Date of Award


Document Type


Degree Name

Doctor of Philosophy (PhD)


Education, Health & Behavior Studies

First Advisor

Richard G. Landry


The purpose of this research was twofold. The first part explored the study habits of lower-division undergraduate college students during independent study time, with special inquiry into sustained attention and mental effort. A questionnaire and focus groups answered research questions that explored students' general study practices, their study habits, factors influencing study, the length of sustained attention and mental effort, the strategies used to maintain attention, perceptions about productivity, and the metacognitive strategies used (i.e., self-monitoring, self-regulating, planning, and self-evaluating). The study showed that 1) students do not spend enough time studying, 2) the more time students spent on the job, the less they studied; 3) different factors impeding study were identified by the different age groups; 4) only 67% of study time was characterized by productive, sustained mental effort; 5) of the variability on productivity, 15.5 % could be accounted for by the use of metacognitive strategies; and 6) students reported using strategies most related to knowledge and comprehension goals rather than higher order thinking goals.

The purpose of the second part was to investigate the perceived impact of the use of a brain-based study strategy. Participants used a 20 to 25 minute study segment, followed by a two to five minute break, in which cross-midline body movement was employed. The research focused on questions about the benefits of the study strategy, its effectives in increasing sustained attention, its effect on the length of time studied, its influence on better learning and productivity, and its continued use. After a two-week trial, 15 students completed an individual interview about their results using the strategy. Students reported increasing their attention and productivity and positively impacting their grades and learning. They attributed their successes to use of the strategy and indicated that they would continue its use.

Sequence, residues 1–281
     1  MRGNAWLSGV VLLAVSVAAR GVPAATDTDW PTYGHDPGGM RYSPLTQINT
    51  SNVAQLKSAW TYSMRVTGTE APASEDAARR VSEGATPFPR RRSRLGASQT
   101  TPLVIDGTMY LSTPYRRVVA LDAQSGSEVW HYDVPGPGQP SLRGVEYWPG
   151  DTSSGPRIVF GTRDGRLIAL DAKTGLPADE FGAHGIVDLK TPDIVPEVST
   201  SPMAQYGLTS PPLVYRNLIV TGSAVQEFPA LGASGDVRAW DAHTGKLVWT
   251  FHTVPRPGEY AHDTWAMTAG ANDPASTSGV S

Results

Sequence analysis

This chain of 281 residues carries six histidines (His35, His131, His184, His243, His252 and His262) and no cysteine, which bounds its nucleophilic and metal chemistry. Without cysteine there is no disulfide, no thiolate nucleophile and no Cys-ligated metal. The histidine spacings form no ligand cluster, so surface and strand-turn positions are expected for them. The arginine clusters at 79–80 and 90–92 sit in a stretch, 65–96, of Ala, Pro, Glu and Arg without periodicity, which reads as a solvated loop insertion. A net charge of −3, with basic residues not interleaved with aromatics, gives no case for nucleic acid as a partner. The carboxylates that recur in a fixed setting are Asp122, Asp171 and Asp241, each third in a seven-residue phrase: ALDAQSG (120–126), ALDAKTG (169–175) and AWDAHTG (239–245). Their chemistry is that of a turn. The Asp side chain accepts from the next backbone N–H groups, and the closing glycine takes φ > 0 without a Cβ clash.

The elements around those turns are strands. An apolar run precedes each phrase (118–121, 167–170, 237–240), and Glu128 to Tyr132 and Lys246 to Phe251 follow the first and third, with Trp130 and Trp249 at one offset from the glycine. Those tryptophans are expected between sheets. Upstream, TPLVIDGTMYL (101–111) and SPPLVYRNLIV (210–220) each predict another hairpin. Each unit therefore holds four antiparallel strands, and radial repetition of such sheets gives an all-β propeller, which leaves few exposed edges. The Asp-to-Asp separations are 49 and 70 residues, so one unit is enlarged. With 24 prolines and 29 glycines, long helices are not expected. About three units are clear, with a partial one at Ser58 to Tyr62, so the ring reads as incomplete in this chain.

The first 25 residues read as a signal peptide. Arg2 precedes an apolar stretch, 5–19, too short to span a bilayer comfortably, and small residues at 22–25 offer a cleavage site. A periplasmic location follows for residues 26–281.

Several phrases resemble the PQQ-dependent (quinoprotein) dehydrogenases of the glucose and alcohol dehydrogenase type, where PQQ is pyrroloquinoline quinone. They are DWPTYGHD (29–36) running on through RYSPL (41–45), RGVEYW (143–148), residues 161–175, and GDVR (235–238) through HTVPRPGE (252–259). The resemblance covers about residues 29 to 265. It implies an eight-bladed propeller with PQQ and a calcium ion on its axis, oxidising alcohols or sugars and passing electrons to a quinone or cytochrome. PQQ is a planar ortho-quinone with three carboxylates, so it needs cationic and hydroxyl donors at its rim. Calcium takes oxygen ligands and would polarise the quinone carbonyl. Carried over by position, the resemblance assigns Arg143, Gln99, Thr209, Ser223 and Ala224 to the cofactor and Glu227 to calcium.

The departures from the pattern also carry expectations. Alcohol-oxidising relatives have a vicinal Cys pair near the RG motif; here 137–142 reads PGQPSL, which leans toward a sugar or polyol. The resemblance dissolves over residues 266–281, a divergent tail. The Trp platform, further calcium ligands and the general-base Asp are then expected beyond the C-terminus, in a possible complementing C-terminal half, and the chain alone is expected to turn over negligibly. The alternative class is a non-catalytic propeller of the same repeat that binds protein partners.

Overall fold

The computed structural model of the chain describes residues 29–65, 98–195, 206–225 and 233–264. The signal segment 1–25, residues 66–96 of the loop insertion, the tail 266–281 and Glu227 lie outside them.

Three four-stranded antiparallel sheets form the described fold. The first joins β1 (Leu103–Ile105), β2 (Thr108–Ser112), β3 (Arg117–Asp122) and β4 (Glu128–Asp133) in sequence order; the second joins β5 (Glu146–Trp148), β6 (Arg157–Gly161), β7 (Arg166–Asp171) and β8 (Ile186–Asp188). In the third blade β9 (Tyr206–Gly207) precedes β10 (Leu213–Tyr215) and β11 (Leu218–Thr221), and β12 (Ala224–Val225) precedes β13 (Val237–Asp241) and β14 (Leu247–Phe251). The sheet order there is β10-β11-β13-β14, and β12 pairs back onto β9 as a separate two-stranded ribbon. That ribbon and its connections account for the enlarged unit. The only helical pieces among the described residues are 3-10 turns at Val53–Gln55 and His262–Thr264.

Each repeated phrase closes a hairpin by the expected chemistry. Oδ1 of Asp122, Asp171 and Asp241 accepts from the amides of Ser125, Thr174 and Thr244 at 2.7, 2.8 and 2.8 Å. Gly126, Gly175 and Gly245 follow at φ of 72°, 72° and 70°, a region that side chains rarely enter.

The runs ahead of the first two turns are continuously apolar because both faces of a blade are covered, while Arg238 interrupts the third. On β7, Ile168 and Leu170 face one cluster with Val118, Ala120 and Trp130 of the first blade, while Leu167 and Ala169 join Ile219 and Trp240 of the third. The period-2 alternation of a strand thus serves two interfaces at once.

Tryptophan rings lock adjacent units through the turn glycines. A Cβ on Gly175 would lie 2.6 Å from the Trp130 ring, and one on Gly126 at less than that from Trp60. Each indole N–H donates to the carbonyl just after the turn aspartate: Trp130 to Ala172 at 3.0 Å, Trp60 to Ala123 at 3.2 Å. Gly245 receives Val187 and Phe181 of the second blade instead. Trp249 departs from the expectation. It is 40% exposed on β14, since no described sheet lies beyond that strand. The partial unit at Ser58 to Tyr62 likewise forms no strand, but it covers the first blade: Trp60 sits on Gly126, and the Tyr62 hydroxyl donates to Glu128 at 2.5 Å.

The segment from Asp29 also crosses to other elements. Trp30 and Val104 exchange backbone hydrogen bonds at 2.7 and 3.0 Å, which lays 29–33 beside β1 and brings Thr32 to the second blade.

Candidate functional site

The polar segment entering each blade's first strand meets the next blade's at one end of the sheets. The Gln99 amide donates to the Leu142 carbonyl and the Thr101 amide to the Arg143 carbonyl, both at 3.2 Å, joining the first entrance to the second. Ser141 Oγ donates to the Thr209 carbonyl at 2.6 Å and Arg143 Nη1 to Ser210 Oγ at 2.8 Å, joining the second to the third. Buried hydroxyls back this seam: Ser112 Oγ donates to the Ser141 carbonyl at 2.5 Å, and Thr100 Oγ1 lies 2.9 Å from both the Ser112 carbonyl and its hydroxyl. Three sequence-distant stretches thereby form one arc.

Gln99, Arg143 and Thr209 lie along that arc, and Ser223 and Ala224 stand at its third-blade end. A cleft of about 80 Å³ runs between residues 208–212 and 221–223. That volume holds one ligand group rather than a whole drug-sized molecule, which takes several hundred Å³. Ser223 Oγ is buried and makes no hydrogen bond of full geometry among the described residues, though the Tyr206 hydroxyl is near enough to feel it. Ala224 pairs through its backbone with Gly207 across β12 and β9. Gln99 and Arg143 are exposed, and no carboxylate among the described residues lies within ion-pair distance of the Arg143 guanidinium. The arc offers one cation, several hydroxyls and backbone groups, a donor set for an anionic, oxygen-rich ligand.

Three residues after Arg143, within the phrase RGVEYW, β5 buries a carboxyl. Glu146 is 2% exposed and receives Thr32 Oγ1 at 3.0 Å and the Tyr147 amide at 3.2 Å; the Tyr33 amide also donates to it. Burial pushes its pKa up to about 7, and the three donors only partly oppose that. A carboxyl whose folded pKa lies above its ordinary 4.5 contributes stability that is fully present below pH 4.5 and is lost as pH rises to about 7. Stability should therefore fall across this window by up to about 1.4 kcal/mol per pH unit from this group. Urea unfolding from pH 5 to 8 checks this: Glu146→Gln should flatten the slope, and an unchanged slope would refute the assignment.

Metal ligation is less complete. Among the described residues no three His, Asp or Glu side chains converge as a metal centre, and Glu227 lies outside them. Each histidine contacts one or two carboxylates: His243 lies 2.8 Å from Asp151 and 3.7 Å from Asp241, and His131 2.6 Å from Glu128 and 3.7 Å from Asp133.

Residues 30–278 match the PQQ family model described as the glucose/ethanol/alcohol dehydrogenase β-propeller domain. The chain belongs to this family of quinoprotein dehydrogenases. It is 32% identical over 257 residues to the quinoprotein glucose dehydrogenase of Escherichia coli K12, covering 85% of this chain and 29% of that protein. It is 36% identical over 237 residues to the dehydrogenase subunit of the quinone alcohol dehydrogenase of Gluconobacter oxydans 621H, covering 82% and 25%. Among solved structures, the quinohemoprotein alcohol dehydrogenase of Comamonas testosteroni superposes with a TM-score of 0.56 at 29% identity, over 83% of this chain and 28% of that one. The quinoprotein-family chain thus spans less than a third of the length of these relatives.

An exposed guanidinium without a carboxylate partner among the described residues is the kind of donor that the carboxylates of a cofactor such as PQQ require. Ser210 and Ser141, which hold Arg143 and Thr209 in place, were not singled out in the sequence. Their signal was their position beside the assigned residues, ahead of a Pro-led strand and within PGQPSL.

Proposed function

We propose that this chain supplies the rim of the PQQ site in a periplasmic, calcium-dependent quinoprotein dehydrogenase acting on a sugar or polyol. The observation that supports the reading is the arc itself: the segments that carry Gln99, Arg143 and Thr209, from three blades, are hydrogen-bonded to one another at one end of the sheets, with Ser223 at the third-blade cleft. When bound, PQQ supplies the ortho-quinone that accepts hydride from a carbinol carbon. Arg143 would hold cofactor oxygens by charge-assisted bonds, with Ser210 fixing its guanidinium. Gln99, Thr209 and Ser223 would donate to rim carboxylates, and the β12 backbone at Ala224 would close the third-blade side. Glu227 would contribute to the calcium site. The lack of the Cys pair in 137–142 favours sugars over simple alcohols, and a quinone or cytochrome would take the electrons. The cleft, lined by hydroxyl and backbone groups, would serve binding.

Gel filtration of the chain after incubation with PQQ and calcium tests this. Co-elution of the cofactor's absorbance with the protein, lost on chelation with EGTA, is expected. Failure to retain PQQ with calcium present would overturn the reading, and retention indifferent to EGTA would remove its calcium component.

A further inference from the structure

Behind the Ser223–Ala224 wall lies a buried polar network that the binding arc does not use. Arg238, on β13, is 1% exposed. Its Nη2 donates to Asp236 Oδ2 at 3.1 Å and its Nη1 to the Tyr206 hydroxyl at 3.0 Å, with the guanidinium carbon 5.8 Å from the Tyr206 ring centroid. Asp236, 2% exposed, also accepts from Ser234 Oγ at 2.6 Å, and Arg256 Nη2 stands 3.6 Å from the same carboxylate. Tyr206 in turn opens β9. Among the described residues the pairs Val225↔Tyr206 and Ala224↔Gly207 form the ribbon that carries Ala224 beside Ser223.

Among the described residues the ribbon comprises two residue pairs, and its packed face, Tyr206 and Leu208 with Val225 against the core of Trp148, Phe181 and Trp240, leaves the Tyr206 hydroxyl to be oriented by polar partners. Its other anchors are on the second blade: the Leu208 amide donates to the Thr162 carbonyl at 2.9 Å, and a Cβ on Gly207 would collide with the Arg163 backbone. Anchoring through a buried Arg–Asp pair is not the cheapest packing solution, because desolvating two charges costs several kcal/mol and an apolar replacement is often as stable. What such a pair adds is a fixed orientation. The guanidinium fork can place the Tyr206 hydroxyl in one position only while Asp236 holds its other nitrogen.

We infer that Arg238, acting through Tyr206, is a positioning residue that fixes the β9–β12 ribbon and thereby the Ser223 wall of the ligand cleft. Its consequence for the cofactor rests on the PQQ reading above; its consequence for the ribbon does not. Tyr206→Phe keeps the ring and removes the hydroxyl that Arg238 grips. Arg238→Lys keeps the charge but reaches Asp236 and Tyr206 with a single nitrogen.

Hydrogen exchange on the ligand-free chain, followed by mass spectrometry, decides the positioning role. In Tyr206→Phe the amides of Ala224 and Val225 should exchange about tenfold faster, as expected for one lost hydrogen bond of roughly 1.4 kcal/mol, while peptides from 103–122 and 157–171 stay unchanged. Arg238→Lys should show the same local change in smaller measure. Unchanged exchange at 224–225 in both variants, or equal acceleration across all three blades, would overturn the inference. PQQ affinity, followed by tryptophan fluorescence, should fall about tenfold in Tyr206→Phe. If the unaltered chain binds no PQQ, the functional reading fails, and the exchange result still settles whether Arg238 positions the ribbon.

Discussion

Three major conclusions emerged: 1) students need to study more and more productively, 2) professors need to teach study strategies, structuring their courses to include study strategies as an integral part of the course content, and 3) metacognitive study strategies (both cognitive and effort management) and higher order thinking strategies should be taught and supported.

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